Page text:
Another crucial aspect of tribalism we must grasp to understand both the practical purpose it serves and how it differs from any modern “nationalism” is that real tribalism should seek to preserve both ancient, pagan traditions and the sacred natural environment of our ancestral homeland(s), and to embrace our animal nature and recognise ourselves as part of nature, not above it. Civilisation is on its way out, the economy is ultimately doomed, fuel is running out, rare earth minerals are running out, some form of extreme climate change – be it another “mini-ice age” or global warming – seems to be approaching and will force us to adapt one way or the other. Now more than ever, now that urban expansion, industry and the monster that is capitalism have spiralled out of control, we must strive to remember, to learn and become self-sufficient as our ancestors did when oral tradition was the norm and essential life skills and folk traditions were passed down the generations.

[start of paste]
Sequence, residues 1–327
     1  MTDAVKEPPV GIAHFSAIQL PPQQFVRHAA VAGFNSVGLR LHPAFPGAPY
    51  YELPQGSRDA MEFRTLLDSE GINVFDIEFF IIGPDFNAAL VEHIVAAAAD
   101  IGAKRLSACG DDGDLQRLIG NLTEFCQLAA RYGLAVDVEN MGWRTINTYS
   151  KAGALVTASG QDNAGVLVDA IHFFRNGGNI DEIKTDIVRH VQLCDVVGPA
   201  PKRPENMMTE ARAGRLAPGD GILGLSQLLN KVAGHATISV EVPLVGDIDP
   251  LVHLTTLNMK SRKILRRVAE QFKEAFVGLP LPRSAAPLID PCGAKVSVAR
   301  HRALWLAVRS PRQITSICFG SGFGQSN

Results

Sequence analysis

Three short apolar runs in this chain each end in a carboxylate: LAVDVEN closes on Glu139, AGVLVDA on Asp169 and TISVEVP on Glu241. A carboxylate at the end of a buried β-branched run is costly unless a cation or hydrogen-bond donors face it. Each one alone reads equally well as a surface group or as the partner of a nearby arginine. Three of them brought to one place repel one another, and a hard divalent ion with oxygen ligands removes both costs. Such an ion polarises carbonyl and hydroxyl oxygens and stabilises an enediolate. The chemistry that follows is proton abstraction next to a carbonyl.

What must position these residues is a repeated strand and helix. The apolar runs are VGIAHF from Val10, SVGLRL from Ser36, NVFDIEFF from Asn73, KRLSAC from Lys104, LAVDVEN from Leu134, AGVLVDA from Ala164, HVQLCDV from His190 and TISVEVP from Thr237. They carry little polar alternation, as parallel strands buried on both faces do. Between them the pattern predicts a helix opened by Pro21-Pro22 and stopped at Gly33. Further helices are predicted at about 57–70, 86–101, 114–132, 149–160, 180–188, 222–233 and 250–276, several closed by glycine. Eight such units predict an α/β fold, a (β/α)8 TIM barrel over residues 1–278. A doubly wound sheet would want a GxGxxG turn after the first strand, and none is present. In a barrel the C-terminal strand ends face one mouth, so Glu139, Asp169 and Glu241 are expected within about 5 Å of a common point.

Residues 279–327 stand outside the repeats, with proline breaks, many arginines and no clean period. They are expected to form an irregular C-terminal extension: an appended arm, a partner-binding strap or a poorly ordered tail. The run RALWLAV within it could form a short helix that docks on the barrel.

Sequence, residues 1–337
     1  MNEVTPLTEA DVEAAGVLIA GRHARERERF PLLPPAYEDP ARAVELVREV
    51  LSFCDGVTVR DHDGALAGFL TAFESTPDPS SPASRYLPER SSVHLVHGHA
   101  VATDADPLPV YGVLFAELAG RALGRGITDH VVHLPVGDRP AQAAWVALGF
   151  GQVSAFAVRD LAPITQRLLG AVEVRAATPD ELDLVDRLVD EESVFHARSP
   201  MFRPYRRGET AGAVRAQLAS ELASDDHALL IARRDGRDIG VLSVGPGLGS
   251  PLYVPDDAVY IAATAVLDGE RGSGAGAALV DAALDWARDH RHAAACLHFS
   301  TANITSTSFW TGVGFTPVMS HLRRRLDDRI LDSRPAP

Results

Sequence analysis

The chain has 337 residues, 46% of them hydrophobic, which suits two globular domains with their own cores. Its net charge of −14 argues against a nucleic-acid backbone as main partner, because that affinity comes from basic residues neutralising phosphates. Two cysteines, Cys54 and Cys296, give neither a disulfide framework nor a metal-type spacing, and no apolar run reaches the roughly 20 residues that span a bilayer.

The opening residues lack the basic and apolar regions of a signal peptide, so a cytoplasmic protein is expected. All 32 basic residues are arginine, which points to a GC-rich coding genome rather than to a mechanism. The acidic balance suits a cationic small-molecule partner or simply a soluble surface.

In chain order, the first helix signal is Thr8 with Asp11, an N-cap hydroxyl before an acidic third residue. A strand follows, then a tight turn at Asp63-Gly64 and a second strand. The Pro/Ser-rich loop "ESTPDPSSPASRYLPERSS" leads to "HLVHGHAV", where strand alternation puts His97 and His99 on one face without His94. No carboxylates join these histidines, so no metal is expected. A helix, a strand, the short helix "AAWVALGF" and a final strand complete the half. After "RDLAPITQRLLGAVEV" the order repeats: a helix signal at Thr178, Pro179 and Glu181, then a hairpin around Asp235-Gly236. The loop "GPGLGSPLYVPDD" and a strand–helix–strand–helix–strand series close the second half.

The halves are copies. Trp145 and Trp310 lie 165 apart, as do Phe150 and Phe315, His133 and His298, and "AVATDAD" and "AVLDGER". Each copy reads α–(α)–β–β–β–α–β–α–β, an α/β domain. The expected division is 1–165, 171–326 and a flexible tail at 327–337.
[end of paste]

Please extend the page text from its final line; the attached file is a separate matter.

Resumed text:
This is for our benefit, for the environment’s benefit, and for the benefit of other tribes, and it’s important to care about what’s in the interest of other tribes, to apply a common standard and recognise what’s in the best interest of every group in order to secure their survival and protect their heritage. Because we all share the same enemy, and we need to not unite necessarily but see and accept this common ground and common interest, and fight and resist our mutual enemies among the elites of government, banking, the media and academics. The elites of the west want us to forgot our heritage and identity, and want to westernise (or globalise) everyone else, because it’s profitable to do so, or at least it appears to be. Despite the race-baiting and fear mongering in the media about Islam and the deeply repulsive and destructive nature of the likes of (western armed and funded) groups like ISIS, most Muslims are indeed just peaceful and normal people, not people we should be expected to welcome here en masse by any means, being at odds with our culture in so many ways, but in migrant communities we see enclosed, peaceful self-serving communities for the most part. The alt-right/modern nationalists are indeed reactionary in falling for this distraction, and show a glaring double-standard in their acceptance and support of western imperialism and its “benefits”, and the alleged superiority of western nations. I am not one to downplay the malevolent nature of any of the Abrahamic religions, and there are no doubt plenty of so-called refugees that are somewhat unsavoury characters not to mention cowards for abandoning their homeland in times of need, but these people are being used, lied to. If and when they cause problems over here and Europe it is likely upon realising Europe is far from the haven it was made out to be. We present ourselves in a better way if we find common ground with immigrants who are ultimately also being manipulated for political and financial gain into abandoning their heritage, as we are into abandoning ours.